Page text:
BSkyB has lost patience with the process for deciding whether News Corp be allowed to buy the 61 pc of Sky it does not currently own - and yelled at Ofcom.
Martin Moore is director of the Media Standards Trust, an independent, non-partisan charity that works for quality, transparency, and accountability in news
There is a moment in The King’s Speech, just nominated for 12 Oscars, in which George V loses patience with his son’s stutter and yells at him to get his words out.
BSkyB has similarly lost patience with the process for deciding whether News Corporation be allowed to buy the 61 per cent of Sky it does not currently own. It has yelled at Ofcom (or the equivalent – a vitriolic letter), accusing the independent media regulator of distorting its brief, ‘using unreliable metrics’, and ‘making questionable judgments’ such that ‘its conclusions are flawed’. And this is the ‘non-confidential version’. One wonders how much ruder the confidential one was.
Are there any grounds to justify Sky’s attack?
Back in November 2010 Ofcom was asked, by the business secretary, to investigate whether News Corp’s bid for Sky raised enough questions about the future plurality of news provision to warrant passing it on to the Competition Commission.
In order to be passed on it had to pass a pretty low threshold. It simply had to assess whether the takeover would reduce the number of providers and hold a reasonable belief ‘that the proposed acquisition may operate or be expected to operate against the public interest’.
On the first, the answer was easy to calculate. At the retail level (i.e. news consumed directly by the public) the number of organisations will fall from 16 to 15. At the wholesale level (e.g. Sky providing news for commercial radio stations) the number will fall from 11 to 10.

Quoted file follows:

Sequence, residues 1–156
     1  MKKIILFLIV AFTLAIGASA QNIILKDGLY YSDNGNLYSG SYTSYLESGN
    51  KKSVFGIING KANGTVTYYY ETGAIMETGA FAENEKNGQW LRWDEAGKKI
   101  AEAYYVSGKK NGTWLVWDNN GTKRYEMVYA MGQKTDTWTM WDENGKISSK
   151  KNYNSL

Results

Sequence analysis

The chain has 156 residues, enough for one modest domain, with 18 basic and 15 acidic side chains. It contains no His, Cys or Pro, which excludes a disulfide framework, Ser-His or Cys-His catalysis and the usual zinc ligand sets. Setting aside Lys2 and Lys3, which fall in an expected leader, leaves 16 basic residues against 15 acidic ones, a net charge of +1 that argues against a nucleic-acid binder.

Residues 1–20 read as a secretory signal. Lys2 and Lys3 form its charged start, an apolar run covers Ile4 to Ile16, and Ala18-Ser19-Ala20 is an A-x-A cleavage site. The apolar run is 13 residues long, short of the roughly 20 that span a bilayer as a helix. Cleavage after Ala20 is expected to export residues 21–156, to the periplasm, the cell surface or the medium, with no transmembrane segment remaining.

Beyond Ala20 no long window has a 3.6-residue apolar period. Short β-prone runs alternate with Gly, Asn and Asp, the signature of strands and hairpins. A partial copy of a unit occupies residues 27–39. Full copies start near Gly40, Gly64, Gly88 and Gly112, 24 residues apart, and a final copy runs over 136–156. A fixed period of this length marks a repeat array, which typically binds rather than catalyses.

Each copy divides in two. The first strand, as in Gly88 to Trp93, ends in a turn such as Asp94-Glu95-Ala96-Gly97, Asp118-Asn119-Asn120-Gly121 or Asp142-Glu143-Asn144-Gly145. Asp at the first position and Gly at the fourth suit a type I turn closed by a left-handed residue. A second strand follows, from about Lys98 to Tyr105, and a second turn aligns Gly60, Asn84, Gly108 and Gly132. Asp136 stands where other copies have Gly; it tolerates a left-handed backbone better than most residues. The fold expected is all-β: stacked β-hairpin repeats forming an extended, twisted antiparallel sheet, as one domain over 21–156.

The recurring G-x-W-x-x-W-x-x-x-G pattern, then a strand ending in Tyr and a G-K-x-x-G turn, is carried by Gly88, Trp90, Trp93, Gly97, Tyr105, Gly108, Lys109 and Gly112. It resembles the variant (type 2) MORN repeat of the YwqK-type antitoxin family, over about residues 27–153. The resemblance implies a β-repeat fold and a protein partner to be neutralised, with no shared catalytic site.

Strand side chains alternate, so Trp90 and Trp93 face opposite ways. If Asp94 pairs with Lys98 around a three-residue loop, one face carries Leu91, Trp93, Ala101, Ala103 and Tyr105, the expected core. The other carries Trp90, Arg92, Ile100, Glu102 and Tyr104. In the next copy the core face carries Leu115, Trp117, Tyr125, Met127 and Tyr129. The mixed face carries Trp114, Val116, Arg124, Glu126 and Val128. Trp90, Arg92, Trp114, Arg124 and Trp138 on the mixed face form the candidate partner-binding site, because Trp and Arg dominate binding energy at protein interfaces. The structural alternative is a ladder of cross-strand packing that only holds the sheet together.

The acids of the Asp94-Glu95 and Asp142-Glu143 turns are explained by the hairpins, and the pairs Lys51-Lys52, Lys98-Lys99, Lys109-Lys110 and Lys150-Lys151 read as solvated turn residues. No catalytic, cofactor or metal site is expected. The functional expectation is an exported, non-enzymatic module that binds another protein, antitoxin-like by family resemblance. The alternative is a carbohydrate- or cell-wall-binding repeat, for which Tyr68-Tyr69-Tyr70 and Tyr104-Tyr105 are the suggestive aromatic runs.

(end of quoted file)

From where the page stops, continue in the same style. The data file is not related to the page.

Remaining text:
On the second Ofcom inevitably had to take a more qualitative approach, although it has done its best to use quantitative methods to make it. It tries to work out the relative ability of different news organisations to influence and inform public opinion, based on the amount of news people consume from different outlets.
Using this approach it calculates that, for example, were the merger to go through, News Corp’s wholesale news reach as a percentage of regular news consumers would increase from 32% to 51%.
Therefore on both these criteria Ofcom found that the public would have less choice of news provider. Given such an assessment it is difficult to see how Ofcom could have done anything other than advise Jeremy Hunt to refer the bid to the Competition Commission.
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